- Changing how you think. Remember that every situation is neutral, until we label or judge it. How we think about a situation determines how we feel, not vice versa. It’s the combination of thoughts and feelings that drive our response (or the lack of one). If you want to change how you’re responding to or feeling about a situation, start by changing how you think about it.
- Taking a deep breath (and keep repeating). When we’re stressed, our breathing becomes shallower and more rapid as adrenaline and cortisol levels rise in our systems, just as they do when we’re facing a lion or other existential threat.
Slowing your breath and breathing more deeply lowers the level of stress hormones in our body. If you’re someone who’s skeptical about the value of focusing on your breath, consider that you can survive up to a week without food and water but only about four minutes without air.
- Quieting your mind. Engage your senses with deep attention. This helps create new neural pathways—new learnings—as a conditioned response when you identify a stressful situation. By repeating this over time, you’ll strengthen these new neural connections while weakening the older ones that brought about your body’s stress response.
For example, when you feel stressed you can do any the following for 10-30 seconds:
- Touch: Rub the tips of two fingers together with such concentration that you can feel the ridges on each finger.
- Look: Focus closely on an object in your proximity, noting all its nuances, textures and shades of color.
- Listen: Sit quietly and focus on the sound nearest to or farthest from you.
The secret here is giving your mind different sensations and stimuli on which to focus, instead of being triggered by stress. For additional reinforcement, repeat these throughout your day with the same focused attention, even when you’re not experiencing stress.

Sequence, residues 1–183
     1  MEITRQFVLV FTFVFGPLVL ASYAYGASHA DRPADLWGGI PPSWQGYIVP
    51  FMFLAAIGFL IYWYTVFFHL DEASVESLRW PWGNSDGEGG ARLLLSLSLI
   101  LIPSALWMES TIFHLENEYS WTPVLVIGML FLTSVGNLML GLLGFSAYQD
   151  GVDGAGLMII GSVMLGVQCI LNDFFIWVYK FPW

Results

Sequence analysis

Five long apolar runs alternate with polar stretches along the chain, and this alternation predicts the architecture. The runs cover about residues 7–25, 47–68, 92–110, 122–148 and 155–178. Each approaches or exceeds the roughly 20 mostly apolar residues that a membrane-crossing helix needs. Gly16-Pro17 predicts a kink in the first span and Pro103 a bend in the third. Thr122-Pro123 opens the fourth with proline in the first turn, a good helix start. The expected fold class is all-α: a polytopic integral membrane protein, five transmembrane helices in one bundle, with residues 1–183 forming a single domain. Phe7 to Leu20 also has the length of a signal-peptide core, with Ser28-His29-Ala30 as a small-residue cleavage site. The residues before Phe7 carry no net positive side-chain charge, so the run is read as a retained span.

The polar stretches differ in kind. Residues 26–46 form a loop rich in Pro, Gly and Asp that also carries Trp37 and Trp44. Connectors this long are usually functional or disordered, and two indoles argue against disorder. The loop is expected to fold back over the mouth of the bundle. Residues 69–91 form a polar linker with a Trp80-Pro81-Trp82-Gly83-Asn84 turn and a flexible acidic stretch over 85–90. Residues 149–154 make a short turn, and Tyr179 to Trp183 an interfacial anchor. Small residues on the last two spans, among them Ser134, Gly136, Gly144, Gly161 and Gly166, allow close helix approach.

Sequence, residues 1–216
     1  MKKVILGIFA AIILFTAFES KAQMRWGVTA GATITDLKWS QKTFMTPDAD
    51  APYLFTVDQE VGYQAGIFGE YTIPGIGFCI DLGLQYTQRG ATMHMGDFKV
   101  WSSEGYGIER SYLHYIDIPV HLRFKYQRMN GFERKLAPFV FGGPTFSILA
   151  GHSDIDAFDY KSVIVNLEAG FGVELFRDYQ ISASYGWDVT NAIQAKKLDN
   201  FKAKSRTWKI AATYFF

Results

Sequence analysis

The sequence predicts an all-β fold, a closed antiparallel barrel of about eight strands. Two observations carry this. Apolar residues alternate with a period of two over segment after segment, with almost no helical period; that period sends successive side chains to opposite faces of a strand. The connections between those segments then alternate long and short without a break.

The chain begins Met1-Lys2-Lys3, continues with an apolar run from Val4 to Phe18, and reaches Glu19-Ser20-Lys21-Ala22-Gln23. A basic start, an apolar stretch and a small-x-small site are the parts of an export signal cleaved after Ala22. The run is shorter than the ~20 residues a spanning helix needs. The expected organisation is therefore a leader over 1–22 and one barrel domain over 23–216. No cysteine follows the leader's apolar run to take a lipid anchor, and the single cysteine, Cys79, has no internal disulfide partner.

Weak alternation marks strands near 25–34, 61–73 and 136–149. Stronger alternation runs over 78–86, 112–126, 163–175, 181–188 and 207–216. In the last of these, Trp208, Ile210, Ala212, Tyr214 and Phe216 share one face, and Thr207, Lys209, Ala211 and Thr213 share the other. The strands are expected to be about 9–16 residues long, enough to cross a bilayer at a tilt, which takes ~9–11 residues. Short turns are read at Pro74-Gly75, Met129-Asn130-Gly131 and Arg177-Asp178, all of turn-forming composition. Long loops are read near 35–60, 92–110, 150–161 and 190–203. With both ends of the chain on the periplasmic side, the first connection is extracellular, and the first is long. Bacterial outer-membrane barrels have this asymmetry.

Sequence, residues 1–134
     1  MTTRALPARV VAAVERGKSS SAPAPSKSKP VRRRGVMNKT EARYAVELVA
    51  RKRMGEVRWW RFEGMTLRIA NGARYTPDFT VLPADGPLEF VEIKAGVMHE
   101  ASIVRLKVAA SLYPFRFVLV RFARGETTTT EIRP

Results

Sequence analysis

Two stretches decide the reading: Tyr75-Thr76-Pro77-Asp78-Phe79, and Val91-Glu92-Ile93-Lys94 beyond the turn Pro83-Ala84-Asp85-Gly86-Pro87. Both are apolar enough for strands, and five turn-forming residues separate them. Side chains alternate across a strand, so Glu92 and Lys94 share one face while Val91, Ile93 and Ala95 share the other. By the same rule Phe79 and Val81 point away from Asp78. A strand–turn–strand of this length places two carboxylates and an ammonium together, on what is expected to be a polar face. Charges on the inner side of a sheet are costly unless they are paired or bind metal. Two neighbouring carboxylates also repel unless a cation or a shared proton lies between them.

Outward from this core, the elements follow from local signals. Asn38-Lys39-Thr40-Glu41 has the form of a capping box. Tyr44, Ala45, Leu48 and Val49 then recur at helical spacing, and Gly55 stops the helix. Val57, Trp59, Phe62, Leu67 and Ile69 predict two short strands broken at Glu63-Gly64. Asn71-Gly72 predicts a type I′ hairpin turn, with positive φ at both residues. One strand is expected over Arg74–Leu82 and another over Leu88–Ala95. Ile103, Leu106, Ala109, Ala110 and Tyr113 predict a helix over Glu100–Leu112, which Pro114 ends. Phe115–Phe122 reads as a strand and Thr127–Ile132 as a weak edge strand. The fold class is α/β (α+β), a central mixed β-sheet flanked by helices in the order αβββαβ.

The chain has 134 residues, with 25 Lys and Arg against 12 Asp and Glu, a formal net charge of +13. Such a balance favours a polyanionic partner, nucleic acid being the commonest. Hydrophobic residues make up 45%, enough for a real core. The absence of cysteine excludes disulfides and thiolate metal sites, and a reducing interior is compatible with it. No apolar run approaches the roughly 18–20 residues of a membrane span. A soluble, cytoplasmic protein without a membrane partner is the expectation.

These new practices will help you develop a quieter mind with clearer thinking during high pressure situations. Likewise, they’ll increase your leadership presence by improving your ability to remain calm, communicate effectively, focus on priorities, be adaptable and lead by example.
Actions Organizations Can Take to Relieve Pressure on Managers
In partnership with managers, organizations have an opportunity to alleviate pressure and become a highly sought-after employer. The work trends report predicts that in 2023, the top organizations will take the following important steps to reduce stress on managers:
- Clarify manager priorities, make it clear how managers should allocate their time and redesign their roles where necessary.
- Provide fresh support and training to mitigate the widening managerial skills gap. The approaches that were successful in 2019 are ill-suited for the workforce of 2023.
Relieving pressure and reducing stress on managers requires a commitment from the organization to prioritize employee well-being. It begins with eliminating workplace toxicity and extends to promoting work-life balance and providing training opportunities, resources and mentoring for managers to have support during stressful times.
Leadership Coaching Helps Managers Succeed Under Pressure
A leader’s success in managing stress sustainably is determined by the extent to which they diminish their likelihood to react and increase their likelihood to respond. It takes a nanosecond to react, just like when you touch a hot stove. That’s a useful signal, but it’s helpful only if you remove your hand. Keeping it there—keeping yourself under and at the effect of stress—is harmful to you and those around you.
If you want to truly succeed under pressure and become an effective leader, consider leadership coaching. Are you interested in finding out how 4D Executive & Leadership Coaching by Leading Edge can help? Click here to book a complimentary discovery call today.